A Parallel Functional Topography between Medial and Lateral Prefrontal Cortex: Evidence and Implications for Cognitive Control

The Journal of Neuroscience, March 30, 2011 • 31(13):5026 –5031

Fox School of Business Research Paper

6 Pages Posted: 28 Apr 2014 Last revised: 31 Dec 2016

See all articles by Adrienne Taren

Adrienne Taren

Duke University - Department of Psychology and Neuroscience

Vinod Venkatraman

Temple University - Department of Marketing and Supply Chain Management

Scott Huettel

Duke University - Department of Psychology and Neuroscience

Date Written: November 2, 2010

Abstract

The dorsomedial and dorsolateral prefrontal cortices (dmPFC and dlPFC) together support cognitive control, with dmPFC responsible for monitoring performance and dlPFC responsible for adjusting behavior. The dlPFC contains a topographic organization that reflects complexity of control demands, with more anterior regions guiding increasingly abstract processing. Recent evidence for a similar gradient within dmPFC suggests the possibility of parallel, hierarchical organization. Here, we measured connectivity between functional nodes of dmPFC and dlPFC using resting-state functional magnetic resonance imaging in humans. We found a posterior-to-anterior connectivity gradient; posterior dmPFC maximally connected to posterior dlPFC and anterior dmPFC maximally connected to anterior dlPFC. This parallel topographic pattern replicated across three independent datasets collected on different scanners, within individual participants, and through both point-to-point and voxelwise analyses. We posit a model of cognitive control characterized by hierarchical interactions — whose level depends on current environmental demands — between functional subdivisions of medial and lateral PFC.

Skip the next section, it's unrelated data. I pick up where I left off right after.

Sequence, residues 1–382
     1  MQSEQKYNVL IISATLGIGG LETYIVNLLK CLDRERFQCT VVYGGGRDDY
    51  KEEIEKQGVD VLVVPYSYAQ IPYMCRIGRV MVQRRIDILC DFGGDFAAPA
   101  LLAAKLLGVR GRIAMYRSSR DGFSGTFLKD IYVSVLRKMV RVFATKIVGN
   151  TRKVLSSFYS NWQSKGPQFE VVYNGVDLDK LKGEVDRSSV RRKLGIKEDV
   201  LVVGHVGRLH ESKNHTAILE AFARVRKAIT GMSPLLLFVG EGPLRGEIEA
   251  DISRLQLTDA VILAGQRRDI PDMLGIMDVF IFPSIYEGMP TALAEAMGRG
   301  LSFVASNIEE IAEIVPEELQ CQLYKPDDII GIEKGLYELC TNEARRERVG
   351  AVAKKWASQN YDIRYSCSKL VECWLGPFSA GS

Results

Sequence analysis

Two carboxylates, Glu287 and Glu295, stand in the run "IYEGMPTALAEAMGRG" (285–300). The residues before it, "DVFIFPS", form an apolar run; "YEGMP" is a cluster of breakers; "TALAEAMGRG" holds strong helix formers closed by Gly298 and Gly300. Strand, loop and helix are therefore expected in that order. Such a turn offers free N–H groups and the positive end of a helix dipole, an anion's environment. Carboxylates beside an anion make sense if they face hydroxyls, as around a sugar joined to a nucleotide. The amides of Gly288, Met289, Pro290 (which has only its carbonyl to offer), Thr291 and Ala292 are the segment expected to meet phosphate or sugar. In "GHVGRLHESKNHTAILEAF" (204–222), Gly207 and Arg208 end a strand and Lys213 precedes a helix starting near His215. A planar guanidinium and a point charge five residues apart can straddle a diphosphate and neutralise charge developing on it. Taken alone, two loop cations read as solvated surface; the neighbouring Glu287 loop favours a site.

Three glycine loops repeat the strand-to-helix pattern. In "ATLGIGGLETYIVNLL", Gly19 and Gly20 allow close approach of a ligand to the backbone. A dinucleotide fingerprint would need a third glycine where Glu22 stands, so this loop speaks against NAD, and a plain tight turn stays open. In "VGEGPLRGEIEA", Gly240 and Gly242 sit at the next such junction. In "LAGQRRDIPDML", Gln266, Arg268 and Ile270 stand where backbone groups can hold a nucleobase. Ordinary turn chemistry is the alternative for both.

Suggested Citation

Taren, Adrienne and Venkatraman, Vinod and Huettel, Scott, A Parallel Functional Topography between Medial and Lateral Prefrontal Cortex: Evidence and Implications for Cognitive Control (November 2, 2010). The Journal of Neuroscience, March 30, 2011 • 31(13):5026 –5031, Fox School of Business Research Paper, Available at SSRN: https://ssrn.com/abstract=2430384

Adrienne Taren

Duke University - Department of Psychology and Neuroscience ( email )

Durham, NC 27708
United States

Vinod Venkatraman (Contact Author)

Temple University - Department of Marketing and Supply Chain Management ( email )

Philadelphia, PA 19122
United States

Scott Huettel

Duke University - Department of Psychology and Neuroscience ( email )

Durham, NC 27708
United States

Do you have a job opening that you would like to promote on SSRN?

Paper statistics

Downloads
14
Abstract Views
393
PlumX Metrics